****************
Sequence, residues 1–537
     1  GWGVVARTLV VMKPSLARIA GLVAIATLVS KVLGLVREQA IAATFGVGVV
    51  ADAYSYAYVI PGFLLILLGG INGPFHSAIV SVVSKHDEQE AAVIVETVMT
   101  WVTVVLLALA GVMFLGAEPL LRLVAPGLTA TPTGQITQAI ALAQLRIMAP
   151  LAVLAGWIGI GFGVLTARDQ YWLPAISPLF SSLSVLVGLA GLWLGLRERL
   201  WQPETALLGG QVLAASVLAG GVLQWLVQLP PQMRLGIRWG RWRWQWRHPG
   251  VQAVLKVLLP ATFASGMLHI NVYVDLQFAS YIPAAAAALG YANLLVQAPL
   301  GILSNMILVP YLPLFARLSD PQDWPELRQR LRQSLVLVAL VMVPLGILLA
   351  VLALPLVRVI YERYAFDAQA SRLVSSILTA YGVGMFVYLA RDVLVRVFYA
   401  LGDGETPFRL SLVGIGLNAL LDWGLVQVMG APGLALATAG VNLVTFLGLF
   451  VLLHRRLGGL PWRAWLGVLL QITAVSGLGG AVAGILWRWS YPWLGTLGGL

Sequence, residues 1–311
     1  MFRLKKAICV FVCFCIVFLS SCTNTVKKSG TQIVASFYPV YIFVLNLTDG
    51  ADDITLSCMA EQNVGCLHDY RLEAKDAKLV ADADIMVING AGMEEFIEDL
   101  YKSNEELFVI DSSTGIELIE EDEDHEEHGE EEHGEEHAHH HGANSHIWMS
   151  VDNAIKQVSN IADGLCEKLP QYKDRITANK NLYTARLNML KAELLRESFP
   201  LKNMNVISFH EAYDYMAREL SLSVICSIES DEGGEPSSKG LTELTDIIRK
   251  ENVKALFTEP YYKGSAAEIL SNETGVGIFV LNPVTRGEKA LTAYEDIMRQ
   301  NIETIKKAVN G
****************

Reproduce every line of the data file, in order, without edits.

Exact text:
Sequence, residues 1–537
     1  GWGVVARTLV VMKPSLARIA GLVAIATLVS KVLGLVREQA IAATFGVGVV
    51  ADAYSYAYVI PGFLLILLGG INGPFHSAIV SVVSKHDEQE AAVIVETVMT
   101  WVTVVLLALA GVMFLGAEPL LRLVAPGLTA TPTGQITQAI ALAQLRIMAP
   151  LAVLAGWIGI GFGVLTARDQ YWLPAISPLF SSLSVLVGLA GLWLGLRERL
   201  WQPETALLGG QVLAASVLAG GVLQWLVQLP PQMRLGIRWG RWRWQWRHPG
   251  VQAVLKVLLP ATFASGMLHI NVYVDLQFAS YIPAAAAALG YANLLVQAPL
   301  GILSNMILVP YLPLFARLSD PQDWPELRQR LRQSLVLVAL VMVPLGILLA
   351  VLALPLVRVI YERYAFDAQA SRLVSSILTA YGVGMFVYLA RDVLVRVFYA
   401  LGDGETPFRL SLVGIGLNAL LDWGLVQVMG APGLALATAG VNLVTFLGLF
   451  VLLHRRLGGL PWRAWLGVLL QITAVSGLGG AVAGILWRWS YPWLGTLGGL

Sequence, residues 1–311
     1  MFRLKKAICV FVCFCIVFLS SCTNTVKKSG TQIVASFYPV YIFVLNLTDG
    51  ADDITLSCMA EQNVGCLHDY RLEAKDAKLV ADADIMVING AGMEEFIEDL
   101  YKSNEELFVI DSSTGIELIE EDEDHEEHGE EEHGEEHAHH HGANSHIWMS
   151  VDNAIKQVSN IADGLCEKLP QYKDRITANK NLYTARLNML KAELLRESFP
   201  LKNMNVISFH EAYDYMAREL SLSVICSIES DEGGEPSSKG LTELTDIIRK
   251  ENVKALFTEP YYKGSAAEIL SNETGVGIFV LNPVTRGEKA LTAYEDIMRQ
   301  NIETIKKAVN G